If there is mesh between the lamp and your tortoise, the basking area should place its back 13-14″/33-36cm below the lamp. If there is no mesh, the distance must be increased to 17-18″/43-46cm.
(This recommendation is an approximation. It is strongly recommended to use a Solarmeter 6.5 to determine the best placement to achieve a UVI of around 3.0 – 4.0 in the basking area.)
A UVB bulb isn’t bright enough to replicate daylight. To get a little closer to this goal, you will need to supplement with a bright, 6500K T5 HO fluorescent or LED lamp, long enough to span 3/4 to the full length of the enclosure. This is particularly important if you are using live plants, but it is also valuable for supporting your tortoise’s general wellbeing.
Humans are warm-blooded, which means that our body temperature is regulated automatically. Tortoises, however, are cold-blooded (poikilothermic), which means that they have to move between areas of different temperatures to regulate their body temperature. In the wild, Russian tortoises warm up by basking in a sunny spot.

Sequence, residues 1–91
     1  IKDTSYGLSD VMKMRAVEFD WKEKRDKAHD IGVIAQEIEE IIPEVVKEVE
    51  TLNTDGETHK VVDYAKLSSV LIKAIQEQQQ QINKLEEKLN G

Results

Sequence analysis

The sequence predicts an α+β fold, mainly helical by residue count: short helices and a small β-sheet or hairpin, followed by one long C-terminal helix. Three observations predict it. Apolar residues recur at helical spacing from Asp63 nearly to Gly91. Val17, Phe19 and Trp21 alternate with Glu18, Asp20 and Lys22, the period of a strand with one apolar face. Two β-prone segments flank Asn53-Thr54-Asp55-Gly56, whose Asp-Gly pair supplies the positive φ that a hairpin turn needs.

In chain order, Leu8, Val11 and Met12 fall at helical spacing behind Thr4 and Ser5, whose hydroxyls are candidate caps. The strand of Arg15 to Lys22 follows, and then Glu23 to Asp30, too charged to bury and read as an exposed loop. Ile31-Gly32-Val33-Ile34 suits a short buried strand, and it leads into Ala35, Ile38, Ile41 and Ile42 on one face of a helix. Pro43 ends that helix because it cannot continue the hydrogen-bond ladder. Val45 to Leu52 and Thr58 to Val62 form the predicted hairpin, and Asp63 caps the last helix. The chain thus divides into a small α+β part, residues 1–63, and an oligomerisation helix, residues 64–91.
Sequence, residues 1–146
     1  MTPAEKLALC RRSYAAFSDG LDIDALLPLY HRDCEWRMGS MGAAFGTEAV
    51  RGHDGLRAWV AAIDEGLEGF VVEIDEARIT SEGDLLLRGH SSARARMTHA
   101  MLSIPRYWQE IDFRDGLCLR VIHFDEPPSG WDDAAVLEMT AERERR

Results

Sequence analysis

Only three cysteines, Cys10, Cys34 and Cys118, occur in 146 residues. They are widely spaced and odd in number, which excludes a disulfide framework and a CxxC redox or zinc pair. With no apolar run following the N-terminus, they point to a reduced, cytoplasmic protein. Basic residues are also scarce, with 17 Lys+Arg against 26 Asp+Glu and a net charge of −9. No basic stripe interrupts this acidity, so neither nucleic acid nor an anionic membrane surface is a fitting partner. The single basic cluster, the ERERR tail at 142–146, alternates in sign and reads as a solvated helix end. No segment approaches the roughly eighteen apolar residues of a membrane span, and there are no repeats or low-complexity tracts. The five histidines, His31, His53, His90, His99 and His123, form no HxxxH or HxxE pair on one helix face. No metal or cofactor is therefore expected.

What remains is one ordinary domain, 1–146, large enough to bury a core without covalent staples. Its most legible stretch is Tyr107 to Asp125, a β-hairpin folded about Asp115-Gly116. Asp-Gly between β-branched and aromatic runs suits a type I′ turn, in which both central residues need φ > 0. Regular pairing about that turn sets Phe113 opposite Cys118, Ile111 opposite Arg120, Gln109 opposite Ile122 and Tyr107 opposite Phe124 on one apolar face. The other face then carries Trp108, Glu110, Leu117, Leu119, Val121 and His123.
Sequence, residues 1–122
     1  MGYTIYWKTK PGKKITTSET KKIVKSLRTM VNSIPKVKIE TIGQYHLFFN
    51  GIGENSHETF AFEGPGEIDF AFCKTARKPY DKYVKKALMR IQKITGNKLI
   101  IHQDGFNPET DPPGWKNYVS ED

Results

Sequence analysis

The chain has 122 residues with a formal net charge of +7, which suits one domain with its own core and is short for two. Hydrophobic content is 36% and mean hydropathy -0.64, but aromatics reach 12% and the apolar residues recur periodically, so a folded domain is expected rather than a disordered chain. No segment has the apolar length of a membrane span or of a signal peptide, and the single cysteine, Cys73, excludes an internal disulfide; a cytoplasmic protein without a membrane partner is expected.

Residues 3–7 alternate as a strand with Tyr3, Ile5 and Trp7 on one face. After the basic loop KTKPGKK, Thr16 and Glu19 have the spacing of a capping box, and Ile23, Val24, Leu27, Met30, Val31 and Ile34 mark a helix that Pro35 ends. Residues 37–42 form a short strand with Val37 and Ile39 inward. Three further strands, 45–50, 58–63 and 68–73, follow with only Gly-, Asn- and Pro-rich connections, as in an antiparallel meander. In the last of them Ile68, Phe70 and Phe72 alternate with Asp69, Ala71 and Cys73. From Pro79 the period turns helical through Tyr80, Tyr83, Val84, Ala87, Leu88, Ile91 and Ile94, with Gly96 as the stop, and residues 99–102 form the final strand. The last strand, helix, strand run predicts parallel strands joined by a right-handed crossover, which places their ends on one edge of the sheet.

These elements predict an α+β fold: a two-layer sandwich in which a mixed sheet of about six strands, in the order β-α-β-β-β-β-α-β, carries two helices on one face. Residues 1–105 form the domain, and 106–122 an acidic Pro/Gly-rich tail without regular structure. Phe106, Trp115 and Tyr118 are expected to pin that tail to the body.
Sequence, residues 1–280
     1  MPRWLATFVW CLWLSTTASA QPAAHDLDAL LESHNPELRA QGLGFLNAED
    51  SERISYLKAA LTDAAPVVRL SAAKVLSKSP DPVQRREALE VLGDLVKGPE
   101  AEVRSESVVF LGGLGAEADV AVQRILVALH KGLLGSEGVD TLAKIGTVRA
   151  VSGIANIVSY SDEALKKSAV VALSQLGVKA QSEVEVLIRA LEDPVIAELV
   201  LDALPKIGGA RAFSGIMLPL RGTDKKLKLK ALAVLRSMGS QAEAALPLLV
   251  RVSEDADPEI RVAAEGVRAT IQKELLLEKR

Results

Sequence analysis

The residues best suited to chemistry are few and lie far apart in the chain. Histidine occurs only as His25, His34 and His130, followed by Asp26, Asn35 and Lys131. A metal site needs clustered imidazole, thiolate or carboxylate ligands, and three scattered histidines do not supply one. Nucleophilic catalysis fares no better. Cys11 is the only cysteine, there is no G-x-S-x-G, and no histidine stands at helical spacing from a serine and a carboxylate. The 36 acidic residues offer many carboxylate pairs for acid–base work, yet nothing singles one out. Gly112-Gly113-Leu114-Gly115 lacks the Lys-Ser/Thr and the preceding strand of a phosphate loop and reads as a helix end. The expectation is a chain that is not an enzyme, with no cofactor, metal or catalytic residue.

Indoors, you will need at least one halogen heat lamp to properly heat your tortoise. If you are housing your pet in an outdoor pen, artificial heating should not be necessary. However, if nighttime temperatures dip below 50°F/10°C, you will need to provide a shelter with lightless heating such as a ceramic heat emitter or radiant heat panel set to 60°F/16°C. You will also need to bring your turtle indoors for part of the year if you live in an area with winter temperatures below 25°F/-4°C.
- Basking area temperature: 95°F / 35°C
- Cool zone temperature: 75-85°F / 24-29°C
- Nighttime temperature: 70-75°F / 21- 23°C
To create an evenly-heated basking area, you will need a 90w Philips PAR38 Halogen Flood Bulb (one for juveniles, at least two for adults) and one or two Zoo Med Deluxe Porcelain Clamp Lamp fixtures. If you notice that the basking area is too warm, dial it down with a plug-in lamp dimmer. If your basking area is too cool, you will need a higher-wattage bulb.